The Dog That Didn’t Bark

In a famous exchange between Sherlock Holmes and Inspector Gregory of Scotland Yard, Holmes comments that the most curious aspect of a burglary was the behavior of the dog in the night-time. “The dog did nothing in the night,” remarked the inspector. “That was the curious incident,” answered Holmes.

In normal circumstances, a watch that senses that something is wrong will bark. In this case, he didn’t, indicating that something else was going on. When we look at global markets today, the dog that didn’t bark is the dollar. There’s a civil war in Libya and in Ghana, unrest in Saudi Arabia, a revolution in Tunisia and Egypt and oil is over $100 per barrel. In normal times, the dollar would be rallying as a safe haven. But instead it’s been falling. What’s going on?

Since year-end the dollar has fallen about 5%. It’s now close to the level it was in late 2009, although well above the level it had fallen to in the summer of 2008, before the financial crisis. Currency traders will tell you that the dollar’s recent weakness is due to the European Central Bank’s telegraphing a coming rate hike. Their central bank is worried about inflation, and has to continue to prove its inflation-fighting mettle, in spite of a sovereign debt crisis that will be exacerbated by increased interest rates.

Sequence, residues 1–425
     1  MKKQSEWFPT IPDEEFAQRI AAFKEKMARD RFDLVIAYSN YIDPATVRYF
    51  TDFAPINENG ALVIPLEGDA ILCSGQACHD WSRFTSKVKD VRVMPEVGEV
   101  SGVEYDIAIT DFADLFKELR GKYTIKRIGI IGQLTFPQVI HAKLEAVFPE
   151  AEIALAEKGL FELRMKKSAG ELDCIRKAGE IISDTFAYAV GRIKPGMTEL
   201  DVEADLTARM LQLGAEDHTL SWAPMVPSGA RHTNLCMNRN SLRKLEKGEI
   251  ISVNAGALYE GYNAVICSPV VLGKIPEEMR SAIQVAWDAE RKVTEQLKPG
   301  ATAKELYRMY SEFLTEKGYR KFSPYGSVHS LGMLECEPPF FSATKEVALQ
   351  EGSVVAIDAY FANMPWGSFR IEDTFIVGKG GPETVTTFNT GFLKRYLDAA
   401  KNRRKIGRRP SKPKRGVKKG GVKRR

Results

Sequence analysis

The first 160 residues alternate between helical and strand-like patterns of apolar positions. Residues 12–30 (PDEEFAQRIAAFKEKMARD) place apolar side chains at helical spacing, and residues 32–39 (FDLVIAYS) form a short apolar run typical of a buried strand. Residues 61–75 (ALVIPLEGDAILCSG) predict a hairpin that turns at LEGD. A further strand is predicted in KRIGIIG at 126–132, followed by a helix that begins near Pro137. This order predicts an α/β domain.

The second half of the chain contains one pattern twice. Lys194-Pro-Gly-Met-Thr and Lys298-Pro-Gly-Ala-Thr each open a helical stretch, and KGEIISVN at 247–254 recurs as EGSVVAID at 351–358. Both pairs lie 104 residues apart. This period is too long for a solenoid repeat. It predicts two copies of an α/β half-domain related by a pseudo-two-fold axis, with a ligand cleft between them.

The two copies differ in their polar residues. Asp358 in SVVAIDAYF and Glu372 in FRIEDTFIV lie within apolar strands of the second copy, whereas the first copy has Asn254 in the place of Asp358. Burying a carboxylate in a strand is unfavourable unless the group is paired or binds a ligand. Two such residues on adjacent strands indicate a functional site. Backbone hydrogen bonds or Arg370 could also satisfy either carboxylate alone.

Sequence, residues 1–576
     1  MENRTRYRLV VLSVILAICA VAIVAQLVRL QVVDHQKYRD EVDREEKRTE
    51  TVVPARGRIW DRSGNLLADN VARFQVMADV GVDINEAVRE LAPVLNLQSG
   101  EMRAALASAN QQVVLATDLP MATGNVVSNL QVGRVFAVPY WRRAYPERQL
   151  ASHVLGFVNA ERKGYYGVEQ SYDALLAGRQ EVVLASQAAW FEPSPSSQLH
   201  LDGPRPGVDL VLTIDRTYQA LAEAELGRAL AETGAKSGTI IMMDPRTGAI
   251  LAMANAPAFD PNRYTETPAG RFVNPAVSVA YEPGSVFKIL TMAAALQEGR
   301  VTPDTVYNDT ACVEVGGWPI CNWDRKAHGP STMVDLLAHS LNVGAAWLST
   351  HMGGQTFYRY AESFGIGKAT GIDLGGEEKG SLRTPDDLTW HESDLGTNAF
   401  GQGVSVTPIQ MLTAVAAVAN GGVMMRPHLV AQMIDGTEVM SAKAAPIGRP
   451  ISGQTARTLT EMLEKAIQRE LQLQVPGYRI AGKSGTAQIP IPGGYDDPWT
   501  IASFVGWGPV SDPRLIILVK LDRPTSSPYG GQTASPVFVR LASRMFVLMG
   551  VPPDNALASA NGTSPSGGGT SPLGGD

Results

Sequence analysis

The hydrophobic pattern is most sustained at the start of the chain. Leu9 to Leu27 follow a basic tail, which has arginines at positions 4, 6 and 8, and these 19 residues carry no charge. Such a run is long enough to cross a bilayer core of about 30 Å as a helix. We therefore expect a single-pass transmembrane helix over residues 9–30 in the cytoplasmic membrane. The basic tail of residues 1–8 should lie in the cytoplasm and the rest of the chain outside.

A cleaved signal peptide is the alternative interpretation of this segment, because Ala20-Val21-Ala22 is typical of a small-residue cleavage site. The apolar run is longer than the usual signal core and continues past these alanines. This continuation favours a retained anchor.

So a month ago the ECB indicated that they plan to raise rates. That has the Euro rallying, in spite of the geopolitical unrest, in spite of the risks to the oil supply, and in spite of continued evidence of an improving economy in the US.

So the dollar’s weakness is an indicator of the market’s focus on Europe. That’s helpful to know. Because the dog that didn’t bark turned out to be familiar with the burglar. And the dollar that didn’t rally is a clue to watch out for what’s happening in Europe.

Douglas R. Tengdin, CFA
Chief Investment Officer
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